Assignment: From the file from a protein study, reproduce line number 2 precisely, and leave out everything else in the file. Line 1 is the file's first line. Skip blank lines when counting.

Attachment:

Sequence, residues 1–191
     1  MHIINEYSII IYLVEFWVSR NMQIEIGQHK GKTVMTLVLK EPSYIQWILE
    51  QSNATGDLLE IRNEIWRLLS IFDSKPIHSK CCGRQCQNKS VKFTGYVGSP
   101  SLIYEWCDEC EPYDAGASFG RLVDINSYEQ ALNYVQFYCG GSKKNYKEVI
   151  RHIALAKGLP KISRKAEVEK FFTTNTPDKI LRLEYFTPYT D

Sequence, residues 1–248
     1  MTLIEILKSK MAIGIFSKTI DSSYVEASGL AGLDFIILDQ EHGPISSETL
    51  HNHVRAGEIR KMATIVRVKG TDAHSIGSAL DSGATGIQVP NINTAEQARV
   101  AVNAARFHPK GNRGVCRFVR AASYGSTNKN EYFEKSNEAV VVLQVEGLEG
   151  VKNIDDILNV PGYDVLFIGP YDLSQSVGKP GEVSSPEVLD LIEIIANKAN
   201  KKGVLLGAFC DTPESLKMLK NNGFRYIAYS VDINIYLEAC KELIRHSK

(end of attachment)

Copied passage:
     1  MHIINEYSII IYLVEFWVSR NMQIEIGQHK GKTVMTLVLK EPSYIQWILE